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Palm Centro - AT&T review: Palm Centro - AT&T

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The Good The Palm Centro for AT&T offers users an affordable and easy-to-use smartphone. The compact handset also features Bluetooth, a 1.3-megapixel camera, and a full productivity suite with push e-mail capabilities.

The Bad The Centro for AT&T lacks 3G and doesn't support stereo Bluetooth headsets. Also, the QWERTY keyboard is tiny.

The Bottom Line Despite a few misses, the Palm Centro for AT&T is a solid, easy-to-use, and affordable smartphone for first-time buyers.

Visit manufacturer site for details.

6.7 Overall
  • Design 7
  • Features 6
  • Performance 7

Review Sections

It's no secret that Palm has been struggling of late to keep up with the smartphone competition. A lack of innovation and a stale operating system is partly to blame. However, the company made a bit of a comeback with its Palm Centro device, which debuted with Sprint last October. The Centro offered a more compact design while still cramming in all the features of a Palm , and at the fraction of the price. It was a good move and breathed some new life into Palm as the smartphone has garnered a fair share of fans.

Now, AT&T customers can enjoy the same benefits of the Centro that Sprint users have been able to for a few months--well, for the most part. The Palm Centro for AT&T features the same ease of use and affordable $99 price tag (with two-year contract and after discounts and rebates) of its CDMA cousin and even gets a fresh look with a white-and-green color scheme. That said, we're disappointed that it lacks 3G support, testing your patience with slower EDGE speeds. Still, for its intended audience of first-time smartphone buyers, you really can't beat the Palm Centro's simplicity and price tag.

Aside from the color, the Palm Centro for AT&T is essentially identical to the Sprint Palm Centro in design. The AT&T model has a pearly white casing (though, Palm officially calls it glacier white), and features lime green number keys. It definitely gives the device a more youthful and playful look that bodes well for its target audience of young professionals and first-time smartphone buyers. That said, AT&T plans to release a black version in March for those who want a more corporate-looking device.

The Palm Centro is thankfully smaller and thinner than the company's Treo smartphones.

The Centro measures 4.2 inches tall by 2.1 inches wide by 0.7 inch deep and weighs 4.2 ounces. It will slip into a pants pocket, but it's a smidge on the thicker side, so it might make for a tight fit. Still, it sure beats the bulky Treo, and it's really pretty compact, considering that it's equipped with a 2.25-inch, 320x320 touch screen and a full QWERTY keyboard. The tradeoff is that the keyboard is on the cramped side. Though individual buttons are tactile, they're tiny, so it's going to require some time for acclimation. On the other hand, the navigation array--Talk and End buttons, shortcuts to the Calendar, Inbox, Phone, and Home page, and toggle--is spacious and easy to use.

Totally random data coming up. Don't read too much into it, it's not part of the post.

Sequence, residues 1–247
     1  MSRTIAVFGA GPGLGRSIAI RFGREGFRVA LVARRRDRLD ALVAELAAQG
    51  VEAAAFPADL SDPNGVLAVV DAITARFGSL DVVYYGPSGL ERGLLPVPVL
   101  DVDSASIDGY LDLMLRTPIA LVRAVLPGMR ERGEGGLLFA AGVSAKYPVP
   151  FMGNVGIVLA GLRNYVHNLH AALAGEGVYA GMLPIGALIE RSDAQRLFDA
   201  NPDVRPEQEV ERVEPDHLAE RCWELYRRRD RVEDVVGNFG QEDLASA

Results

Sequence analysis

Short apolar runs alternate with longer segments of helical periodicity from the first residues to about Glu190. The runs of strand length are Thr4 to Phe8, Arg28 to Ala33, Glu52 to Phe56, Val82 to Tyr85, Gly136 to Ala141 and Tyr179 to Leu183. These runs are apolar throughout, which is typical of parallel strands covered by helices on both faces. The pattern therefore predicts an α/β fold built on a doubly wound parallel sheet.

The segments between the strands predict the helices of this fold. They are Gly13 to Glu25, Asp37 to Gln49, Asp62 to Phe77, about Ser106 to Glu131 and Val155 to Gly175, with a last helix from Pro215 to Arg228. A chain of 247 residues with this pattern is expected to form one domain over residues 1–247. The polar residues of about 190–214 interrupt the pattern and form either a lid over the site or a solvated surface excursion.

The Centro's full QWERTY keyboard is pretty cramped, so user's with larger thumbs may have problems.

Other design elements on the Palm Centro include a volume rocker and a push-to-talk button on the left side, and an infrared port and microSD expansion slot on the right spine. The latter is protected by an attached cover, but unfortunately, you can't open it unless you take off the battery cover. In addition, to insert the SIM card, you have to remove the stylus--minor annoyances. There's a silent ringer switch on top of the device, and a 2.5mm headset jack and multiconnector port are on the bottom. Finally, the camera lens, self-portrait mirror, and speaker are located on back of the Centro.

On back of the device, you'll find the camera lens and self-portrait mirror.

AT&T packages the Palm Centro with an AC adapter, a USB cable, a software CD, and reference material. For more add-ons, please check our cell phone accessories, ring tones, and help page.

The Palm Centro for AT&T has some hits and misses as far as features. Starting with voice features, the Centro offers a speakerphone, three-way calling, voice dialing, speed dial, and the "ignore with text" feature, which allows you to reply to a call with a text message if you can't pick up. The Centro also continues to support text and multimedia messaging with threaded text chat view. The phone book is limited only by the available memory (the SIM card holds an additional 250 contacts), and there's room in each entry for multiple numbers, e-mail addresses, instant-messaging handles, and birthdays. For caller ID purposes, you can assign a picture, any of 37 polyphonic ringtones, or a group ID. In addition, unlike the Sprint version, the smartphone supports AT&T's Push-to-Talk (PTT) service, allowing you to instantly see the availability of your contacts before calling them and make individual or group PTT calls. PTT plans start at $9.99 per month.

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